Reduction in the number of white blood cells may result in an increased susceptibility to infection. A simple infection such as a sore throat may be a sign of depressed white cell production in a patient taking anticancer drugs, and it must be reported to the doctor without delay. In addition, wounds may take longer to heal, and susceptible people can develop gout as a result of increased uric acid production due to cells being broken down.

Because of these problems, anticancer chemotherapy is often given in hospital, where the adverse effects can be closely monitored. Several short courses of drug treatment are usually given, thus allowing the bone marrow time to recover in the period between courses (see Successful chemotherapy). Blood tests are performed regularly. When necessary, blood transfusions, antibiotics, or other forms of treatment are used to overcome adverse effects. When relevant, contraceptive advice is given early in treatment because most anticancer drugs can damage a developing baby. In some cases, eggs or sperm may be harvested before chemotherapy for later IVF after the chemotherapy is completed. In addition to these general effects, individual drugs may have adverse effects on particular organs. These are described under individual drug profiles in Part 2.

By contrast, other anticancer drugs, such as hormonal drugs, antibodies, and growth factor inhibitors are much more selective in their actions and they generally have less serious side effects.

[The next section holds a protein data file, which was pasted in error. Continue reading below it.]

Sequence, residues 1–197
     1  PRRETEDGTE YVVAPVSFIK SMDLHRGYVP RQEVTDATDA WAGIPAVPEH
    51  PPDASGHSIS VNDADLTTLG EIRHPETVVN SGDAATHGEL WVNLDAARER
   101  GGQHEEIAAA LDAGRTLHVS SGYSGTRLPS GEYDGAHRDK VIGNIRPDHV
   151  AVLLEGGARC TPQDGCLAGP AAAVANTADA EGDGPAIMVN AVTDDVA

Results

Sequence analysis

Alkylating agents Chlorambucil, Cyclophosphamide, Melphalan

Antimetabolites Azathioprine, Capecitabine, Cytarabine, Fluorouracil, Mercaptopurine, Methotrexate

Cytotoxic antibiotics Doxorubicin, Epirubicin

Hormone treatments Anastrozole, Bicalutamide, Cyproterone, Flutamide, Goserelin, Letrozole, Leuprorelin, Medroxyprogesterone, Megestrol, Tamoxifen

Cytokines Interferon alfa, Interleukin-2

Taxanes Docetaxel, Paclitaxel

Monoclonal antibodies Alemtuzumab, Bevacizumab, Rituximab, Trastuzumab

Growth factor inhibitors Imatinib

Other drugs Carboplatin, Cisplatin, Etoposide, Irinotecan

Immunosuppressant drugs

The body is protected against attack from bacteria, fungi, and viruses by the specialized cells and proteins in the blood and tissues that make up the immune system. White blood cells known as lymphocytes either kill invading organisms directly or produce special proteins (antibodies) to destroy them. These mechanisms are also responsible for eliminating abnormal or unhealthy cells that could otherwise multiply and develop into a cancer.

In certain conditions it is medically necessary to damp down the activity of the immune system. These include a number of autoimmune disorders in which the immune system attacks normal body tissue. Autoimmune disorders may affect a single organ – for example, the kidneys in Goodpasture’s syndrome or the thyroid gland in Hashimoto’s disease – or they may result in widespread damage, for example, in rheumatoid arthritis or systemic lupus erythematosus.

Immune system activity may also need to be reduced following an organ transplant, when the body’s defences would otherwise attack and reject the transplanted tissue.